Welcome to Top Ten Tuesday! This is a weekly feature hosted by The Broke and the Bookish, where a new top ten list hits the web every week!
This week we have a great topic to explore …
TOP TEN BOOKS I WANT MY CHILDREN TO READ
This is a topic which makes me a little sad. I say that because I only have one child who actually enjoys reading. Depressing to admit, but true nonetheless.
How did this happen?
Not quite sure — though I have a suspicion that I’ll lay out in a bit. Honestly, when my children were smaller, they seemed to enjoy books. I read to every one of them as they grew up. I can’t count the number of nights I’d go from bedroom to bedroom spending twenty to thirty minutes reading to one child before then heading to the others to read. We had fun. My children asked for me to read to them (until they were too grown-up for that sort of thing). They even read books on their own, sought out certain series. And then it all changed . . .
What changed is a focus by their school on the students reading so many books every week. A fun hobby became a tedious chore. Soon, my sons revolted against every picking up a book outside of homework assignments. And there really wasn’t anything I could do to stop the trend.
Thankfully, one son hasn’t completely lost his love of reading so far. He prefers graphic novels to fantasy or science fiction, but at least he is reading. But I do hope that one day I can reignite his love for books, convince him to try the ones I’ve listed below, because I believe they would open his eyes to a wider world just as they did his old man.
10. The Time Machine – Jules Verne
The granddaddy of all time travel stories! This story of a Vcitorian era scientist who invents a time machine to save someone close to him turns into a science fiction romp through the future. Definitely, it is action adventure done right, but it also introduces amazing concepts to a new speculative fiction reader.
9. Conan – Robert E. Howard
I fondly recall picking up my first Conan book when I was a pre-teen mired in middle school angst. Life was hard. My problems were insurmountable. Then I got to follow along behind a barbarian who was a self-made king, who overcame his own obstacles by the strength of his mighty sinews. Plus, it was damn good fun!
8. Animal Farm/1984 – George Orwell
Switching gears a bit with these picks, going from fun to ultra serious. These Orwell classics are thought provoking affairs, which totally shocked when I finally read them. The messages here are even more relevant today when the powers-that-be attempt to turn the citizenry against one another while they steal us blind of our money and freedoms. Certainly, it isn’t fun reading, but it is something I hope my children will tackle when they are ready for it.
7. Mark Twain
Tom Sawyer. Huckleberry Finn. A Connecticut Yankee in King Arthur’s Court. The Prince and the Pauper. Dozens of amazing short stories. Mark Twain was a writer who helped bring the American past alive for me in a way no other book/film ever did. Certainly, he wasn’t limited to merely illustrating old Americana, but he did it so damn well it is what I always remember him for.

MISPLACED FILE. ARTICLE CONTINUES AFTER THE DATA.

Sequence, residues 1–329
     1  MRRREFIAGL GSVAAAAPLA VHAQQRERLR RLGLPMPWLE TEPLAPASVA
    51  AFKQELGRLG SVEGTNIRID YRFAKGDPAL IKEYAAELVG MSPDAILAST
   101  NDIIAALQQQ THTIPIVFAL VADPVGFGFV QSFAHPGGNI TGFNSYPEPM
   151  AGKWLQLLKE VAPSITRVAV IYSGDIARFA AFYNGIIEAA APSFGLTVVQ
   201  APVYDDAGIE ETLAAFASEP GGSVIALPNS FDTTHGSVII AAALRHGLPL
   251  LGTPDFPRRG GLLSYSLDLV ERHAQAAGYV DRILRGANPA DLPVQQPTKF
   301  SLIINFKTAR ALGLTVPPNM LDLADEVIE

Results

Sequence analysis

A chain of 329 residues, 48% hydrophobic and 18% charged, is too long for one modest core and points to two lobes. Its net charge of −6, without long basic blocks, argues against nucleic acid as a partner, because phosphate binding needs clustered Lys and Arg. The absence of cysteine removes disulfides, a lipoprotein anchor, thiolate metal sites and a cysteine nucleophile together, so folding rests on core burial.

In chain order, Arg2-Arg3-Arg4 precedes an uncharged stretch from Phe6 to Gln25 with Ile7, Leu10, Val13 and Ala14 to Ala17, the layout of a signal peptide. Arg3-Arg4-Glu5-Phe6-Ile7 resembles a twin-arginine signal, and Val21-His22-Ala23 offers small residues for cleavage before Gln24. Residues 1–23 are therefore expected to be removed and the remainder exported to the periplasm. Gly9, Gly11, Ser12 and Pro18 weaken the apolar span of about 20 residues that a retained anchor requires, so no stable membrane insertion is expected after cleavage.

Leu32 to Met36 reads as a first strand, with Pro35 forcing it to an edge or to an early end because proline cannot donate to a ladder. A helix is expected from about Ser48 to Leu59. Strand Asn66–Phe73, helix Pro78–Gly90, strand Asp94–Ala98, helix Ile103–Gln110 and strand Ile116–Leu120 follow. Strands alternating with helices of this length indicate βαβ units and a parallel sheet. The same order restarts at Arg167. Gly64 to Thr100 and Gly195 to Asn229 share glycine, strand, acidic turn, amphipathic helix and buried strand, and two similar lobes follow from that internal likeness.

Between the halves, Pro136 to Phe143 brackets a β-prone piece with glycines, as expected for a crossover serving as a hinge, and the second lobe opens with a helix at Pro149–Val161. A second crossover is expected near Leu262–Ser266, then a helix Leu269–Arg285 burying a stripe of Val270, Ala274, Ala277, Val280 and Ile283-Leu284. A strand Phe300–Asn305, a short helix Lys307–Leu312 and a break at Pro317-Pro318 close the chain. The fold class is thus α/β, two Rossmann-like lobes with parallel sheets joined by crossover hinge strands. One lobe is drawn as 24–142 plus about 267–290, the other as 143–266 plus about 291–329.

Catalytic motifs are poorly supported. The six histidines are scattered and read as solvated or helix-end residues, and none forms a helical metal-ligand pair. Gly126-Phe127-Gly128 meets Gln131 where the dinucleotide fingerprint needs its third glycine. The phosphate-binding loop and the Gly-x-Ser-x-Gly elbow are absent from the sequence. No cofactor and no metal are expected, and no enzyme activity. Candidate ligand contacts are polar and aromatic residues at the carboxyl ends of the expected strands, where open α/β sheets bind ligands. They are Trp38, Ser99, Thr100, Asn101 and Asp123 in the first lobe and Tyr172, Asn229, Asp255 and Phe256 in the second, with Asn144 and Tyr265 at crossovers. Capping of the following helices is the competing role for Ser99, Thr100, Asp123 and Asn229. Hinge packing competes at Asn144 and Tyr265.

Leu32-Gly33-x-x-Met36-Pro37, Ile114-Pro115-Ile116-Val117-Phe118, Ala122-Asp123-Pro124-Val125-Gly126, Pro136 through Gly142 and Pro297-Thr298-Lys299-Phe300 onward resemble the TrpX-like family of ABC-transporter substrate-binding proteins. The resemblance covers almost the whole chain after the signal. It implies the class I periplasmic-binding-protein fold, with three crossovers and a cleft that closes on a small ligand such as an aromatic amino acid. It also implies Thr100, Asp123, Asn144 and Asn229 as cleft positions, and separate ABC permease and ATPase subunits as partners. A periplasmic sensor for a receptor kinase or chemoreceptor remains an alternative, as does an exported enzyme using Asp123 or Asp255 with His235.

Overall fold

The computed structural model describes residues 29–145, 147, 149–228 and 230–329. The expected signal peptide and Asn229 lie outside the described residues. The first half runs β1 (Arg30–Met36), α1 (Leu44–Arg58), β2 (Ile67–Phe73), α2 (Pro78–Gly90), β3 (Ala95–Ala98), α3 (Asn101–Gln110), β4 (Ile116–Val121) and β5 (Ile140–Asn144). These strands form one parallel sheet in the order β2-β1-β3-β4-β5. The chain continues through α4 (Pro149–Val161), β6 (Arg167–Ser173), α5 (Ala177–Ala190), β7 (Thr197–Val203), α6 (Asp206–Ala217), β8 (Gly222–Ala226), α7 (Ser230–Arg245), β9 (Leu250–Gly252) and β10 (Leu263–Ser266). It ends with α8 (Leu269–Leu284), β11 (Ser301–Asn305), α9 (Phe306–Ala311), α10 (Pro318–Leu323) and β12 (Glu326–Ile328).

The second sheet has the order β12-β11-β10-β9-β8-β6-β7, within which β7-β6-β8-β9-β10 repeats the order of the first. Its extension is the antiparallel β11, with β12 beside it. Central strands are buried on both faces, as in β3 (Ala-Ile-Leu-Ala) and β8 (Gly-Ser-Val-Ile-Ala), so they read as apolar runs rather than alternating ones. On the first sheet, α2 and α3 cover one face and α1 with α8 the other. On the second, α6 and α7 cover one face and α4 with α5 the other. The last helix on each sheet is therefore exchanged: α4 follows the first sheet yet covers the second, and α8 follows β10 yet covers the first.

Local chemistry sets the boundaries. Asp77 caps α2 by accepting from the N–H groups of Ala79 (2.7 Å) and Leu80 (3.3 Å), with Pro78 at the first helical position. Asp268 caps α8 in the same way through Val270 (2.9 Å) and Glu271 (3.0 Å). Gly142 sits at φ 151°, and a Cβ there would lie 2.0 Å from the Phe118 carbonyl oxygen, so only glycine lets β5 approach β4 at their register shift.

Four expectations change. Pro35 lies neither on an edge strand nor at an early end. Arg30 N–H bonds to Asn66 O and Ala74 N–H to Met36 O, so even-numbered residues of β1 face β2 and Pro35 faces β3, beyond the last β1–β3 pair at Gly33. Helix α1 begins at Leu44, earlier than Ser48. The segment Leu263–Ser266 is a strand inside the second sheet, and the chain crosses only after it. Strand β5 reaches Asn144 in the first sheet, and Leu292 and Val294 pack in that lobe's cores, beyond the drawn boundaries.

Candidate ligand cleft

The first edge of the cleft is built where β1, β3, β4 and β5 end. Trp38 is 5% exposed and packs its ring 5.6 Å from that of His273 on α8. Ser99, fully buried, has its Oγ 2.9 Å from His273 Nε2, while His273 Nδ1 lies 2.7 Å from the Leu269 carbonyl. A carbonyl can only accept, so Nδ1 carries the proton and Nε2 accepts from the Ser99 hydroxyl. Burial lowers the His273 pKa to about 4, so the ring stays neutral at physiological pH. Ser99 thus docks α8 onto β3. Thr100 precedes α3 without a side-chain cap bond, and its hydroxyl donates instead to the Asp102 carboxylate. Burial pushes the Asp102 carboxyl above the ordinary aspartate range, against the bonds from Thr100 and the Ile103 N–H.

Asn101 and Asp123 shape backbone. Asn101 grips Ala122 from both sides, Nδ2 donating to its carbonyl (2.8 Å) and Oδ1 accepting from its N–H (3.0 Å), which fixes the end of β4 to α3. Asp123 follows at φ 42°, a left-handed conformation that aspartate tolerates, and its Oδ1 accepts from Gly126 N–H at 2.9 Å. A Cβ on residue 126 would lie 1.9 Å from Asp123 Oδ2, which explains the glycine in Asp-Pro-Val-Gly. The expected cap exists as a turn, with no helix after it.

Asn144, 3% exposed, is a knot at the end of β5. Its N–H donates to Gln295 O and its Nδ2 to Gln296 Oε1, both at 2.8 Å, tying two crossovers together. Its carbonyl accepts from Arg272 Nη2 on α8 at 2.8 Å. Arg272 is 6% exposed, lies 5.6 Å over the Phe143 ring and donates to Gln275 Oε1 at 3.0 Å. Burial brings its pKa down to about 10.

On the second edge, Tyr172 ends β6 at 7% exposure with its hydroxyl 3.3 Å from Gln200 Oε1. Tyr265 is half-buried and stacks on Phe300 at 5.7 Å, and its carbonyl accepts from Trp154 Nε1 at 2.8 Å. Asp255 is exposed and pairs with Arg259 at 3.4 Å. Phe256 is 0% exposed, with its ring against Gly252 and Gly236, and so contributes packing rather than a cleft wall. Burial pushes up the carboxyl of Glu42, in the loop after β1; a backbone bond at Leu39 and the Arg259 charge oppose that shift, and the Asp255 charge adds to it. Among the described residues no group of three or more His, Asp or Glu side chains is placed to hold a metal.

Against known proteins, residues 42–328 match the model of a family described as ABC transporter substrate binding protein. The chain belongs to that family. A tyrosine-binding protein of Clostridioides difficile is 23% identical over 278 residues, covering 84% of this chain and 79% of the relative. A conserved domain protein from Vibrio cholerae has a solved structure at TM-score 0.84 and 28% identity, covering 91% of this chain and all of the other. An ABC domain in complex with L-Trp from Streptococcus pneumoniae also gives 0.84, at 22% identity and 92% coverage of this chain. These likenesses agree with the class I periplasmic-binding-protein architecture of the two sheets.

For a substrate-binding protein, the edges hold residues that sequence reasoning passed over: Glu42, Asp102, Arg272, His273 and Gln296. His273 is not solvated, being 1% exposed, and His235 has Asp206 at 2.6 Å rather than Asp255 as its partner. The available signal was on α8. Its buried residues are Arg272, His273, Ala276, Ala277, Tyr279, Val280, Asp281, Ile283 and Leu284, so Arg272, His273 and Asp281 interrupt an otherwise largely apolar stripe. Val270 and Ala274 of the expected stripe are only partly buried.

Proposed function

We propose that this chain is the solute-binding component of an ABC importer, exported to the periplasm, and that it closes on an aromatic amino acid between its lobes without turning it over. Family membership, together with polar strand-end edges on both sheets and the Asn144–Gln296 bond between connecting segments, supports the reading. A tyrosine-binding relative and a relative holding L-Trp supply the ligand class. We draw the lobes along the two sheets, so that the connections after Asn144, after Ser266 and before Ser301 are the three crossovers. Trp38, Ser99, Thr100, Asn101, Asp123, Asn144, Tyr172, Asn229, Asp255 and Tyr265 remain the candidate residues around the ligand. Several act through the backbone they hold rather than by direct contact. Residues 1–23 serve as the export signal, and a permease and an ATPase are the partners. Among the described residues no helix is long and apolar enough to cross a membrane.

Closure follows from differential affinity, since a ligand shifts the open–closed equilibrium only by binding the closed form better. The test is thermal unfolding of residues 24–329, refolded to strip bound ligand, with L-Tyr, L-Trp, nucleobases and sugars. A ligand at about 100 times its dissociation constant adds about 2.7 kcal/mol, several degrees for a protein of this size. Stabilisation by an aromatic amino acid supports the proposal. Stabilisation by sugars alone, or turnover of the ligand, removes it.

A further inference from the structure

6. The Iliad/ The Odyssey – Homer
This ancient epic was difficult for me to read when I jumped into it in fifth or sixth grade, but it was such an amazing story that it left a lasting impact on my psyche. The legendary lives of Achilles, Phoenix, Menelaus, Agamemnon, Ajax and so many others a brilliant lesson in relationships and battles between kings and heroes.
5. Le Morte D’Arthur
Another epic tale of the past this time centering on the legends of King Arthur and his knights of the Round Table. As a lifelong fan of knights and everything medieval, this huge volume was difficult but immensely pleasurable to take the time to complete. It really cemented my love of King Arthur, and I hope one of my children can experience it when they are ready for the grand journey.
4. Alexander Dumas
No, I haven’t read all of Dumas’s works, but The D’Artagnan Romances and The Count of Monte Cristo will always be among my favorite stories ever written. I’ll be the first to admit Dumas’s style of wordiness can be annoying, but his tales are timeless snapshots of a time long past yet so amazing it should never be forgotten, but be revisited by each generation to keep it alive.
3. Foundation — Isaac Asimov
Not everyone loves Foundation as much as I did, but as for me, I have always felt it was the perfect mesh of science and fiction, keeping you turning pages to follow a cool story. Not all science fiction of today’s day and age remember that first and foremost books are for enjoyment, not academic speculation. And I think it is exactly the type of story that might convince my children that reading is fun.
2. David Eddings
I think of David Eddings as the J.K. Rowling of the 1980s. The Belgariad, The Mallorean and his Sparhawk books my generations Harry Potter or Percy Jackson. Nope, Eddings didn’t create anything new or horribly original, but what he did is pen damn addictive YA stories that kept me reading away year and year, which is exactly what I think he could do with my children.
1. The Hobbit/ The Lord of the Rings
Do I even need to explain why I want my offspring to read the greatest, modern epic fantasy series ever written? Suffice it to say I believe every person’s life isn’t complete without, at least, reading this saga once.